Does ‘day and night’ provide enough time to balance Torah and academic studies?

Shavuot, the holiday that celebrates the receiving of the Torah, serves as a reminder of the centrality of religious studies in Jewish life. In fact, the famous verse from Joshua 1:8 says “Vehagita bo yomam valayla,” that we should meditate upon the Torah day and night.

We take part in the annual tradition of a full night of Jewish learning on Shavuot, we get a taste of the “day and night” mentality. For so many yeshiva students around the world, intensive and around-the-clock Torah study is not a one-night phenomenon, but a way of life. However, their young adult years of immersing themselves in Jewish law overlap with another crucial time priority: the time when society at large believes they should be studying towards attaining a professional degree or trade, and eventually entering the workforce.

How can such students possibly achieve both objectives at the same time, if they study Torah “day and night?” Where is the time for their secular studies?

The Jerusalem College of Technology (JCT), a pioneer in providing high-quality academics to religious Israeli and Diaspora Jews alike, has crafted a unique solution through its International Program in English. The program allows students to continue learning with their rabbis in yeshiva in Israel, while also providing them with the opportunity to obtain a prestigious academic degree and strong professional training in the area of business.

The program’s academic curriculum combines studies in management and marketing with a background in technology, incorporating lectures and practical research projects that challenge the students to apply their knowledge to real-life situations. Courses are offered in principles of management, marketing management, introduction to micro-economics, introduction to macro-economics, principles of finance, financial accounting, managerial accounting, business ethics, and mathematics for business. Many students have already graduated from the international program and have acquired leading positions in the business and high-tech sectors, both in Israel and abroad. All the while, these students do not sacrifice on their Torah studies.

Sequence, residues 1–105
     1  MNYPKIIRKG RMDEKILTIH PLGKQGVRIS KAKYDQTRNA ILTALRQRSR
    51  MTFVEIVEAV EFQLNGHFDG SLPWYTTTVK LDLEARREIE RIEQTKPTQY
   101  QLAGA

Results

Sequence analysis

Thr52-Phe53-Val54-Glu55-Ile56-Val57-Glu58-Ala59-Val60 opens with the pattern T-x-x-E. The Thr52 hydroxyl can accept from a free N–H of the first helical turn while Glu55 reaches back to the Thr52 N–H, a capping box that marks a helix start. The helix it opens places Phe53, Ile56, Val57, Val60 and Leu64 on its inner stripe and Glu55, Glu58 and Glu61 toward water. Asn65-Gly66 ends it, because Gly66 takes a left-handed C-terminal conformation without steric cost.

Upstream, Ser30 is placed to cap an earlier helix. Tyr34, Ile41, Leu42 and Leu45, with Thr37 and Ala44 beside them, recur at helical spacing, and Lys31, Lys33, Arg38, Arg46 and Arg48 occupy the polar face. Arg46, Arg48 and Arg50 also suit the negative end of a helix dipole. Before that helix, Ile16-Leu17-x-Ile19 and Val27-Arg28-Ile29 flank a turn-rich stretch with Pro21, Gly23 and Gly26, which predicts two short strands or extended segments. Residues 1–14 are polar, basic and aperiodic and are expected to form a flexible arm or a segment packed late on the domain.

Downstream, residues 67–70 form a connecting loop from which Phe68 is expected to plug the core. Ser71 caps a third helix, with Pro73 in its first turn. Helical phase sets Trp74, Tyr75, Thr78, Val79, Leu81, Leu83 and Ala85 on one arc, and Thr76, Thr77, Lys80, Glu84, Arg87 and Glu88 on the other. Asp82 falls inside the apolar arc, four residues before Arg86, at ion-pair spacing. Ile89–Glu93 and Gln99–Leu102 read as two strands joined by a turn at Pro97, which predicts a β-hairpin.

JCT’s international students thrive in the context of a unique Torah-academic balance.

Saul Rothman of Los Angeles recalls that once he completed his service in the Israeli army, “I just felt like I was lacking in certain areas and felt it was critical to get back to my Jewish identity while taking the next step in life. I was 24—I needed to start my degree. At JCT, I could still learn Torah while also study computer science, which was exactly what I wanted to study.”

Dovid Samuels of Memphis, who describes himself as a “mix between modern Orthodox and haredi,” was also looking to study computer science and faced a choice between Bar-Ilan University and JCT.

“The main reason I chose JCT was the religious environment coupled by a recognized technology degree. There is not a single college that is on par with JCT on a religious level while still maintaining a competitive educational level,” says Dovid, who hopes to serve as a computer programmer in the IDF and then pursue a career in artificial intelligence.

Yosef Berger grew up in a modern Orthodox community in Edison, N.J., and made aliyah last October. He is completing a one-year program in computer science and, like Dovid, plans to use his knowledge in the IDF.

“What attracted me to JCT was the religious studies and the fact that I could study computer technology,” Yosef says. “This is the only English game in town for that. It’s very important for me to have that religious environment at the school. The mission that JCT helps spearhead is a critical issue. The ultra-Orthodox community doesn’t have the ability to enter society and this college is sometimes their only way.”

Benny Sabghir of Brooklyn, who is in the final year of a three-year JCT program in business administration, is already seeing the fruits of his labor—he works as head of content at DataCrushers, a start-up in Jerusalem that helps e-commerce merchants recover lost revenue.

“Although JCT is a religious institution, it is a not a ‘down your throat’ religious institution and there is no ‘pushiness,’ which is very important,” Benny says.

Thanks to JCT’s international program, yeshiva students like these young men do not need to pull Shavuot-style all-nighters throughout the year in order to find time for Torah study. JCT helps them strike the best possible work-life balance, while creating a new generation of leading professionals within the religious Jewish community. The workforce benefits tremendously from their contributions, while the Jewish people enjoy the zechut (merit) of their Torah study.

Chag Shavuot Sameach!

About the Author
Stuart Hershkowitz is the Vice President of the Jerusalem College of Technology.
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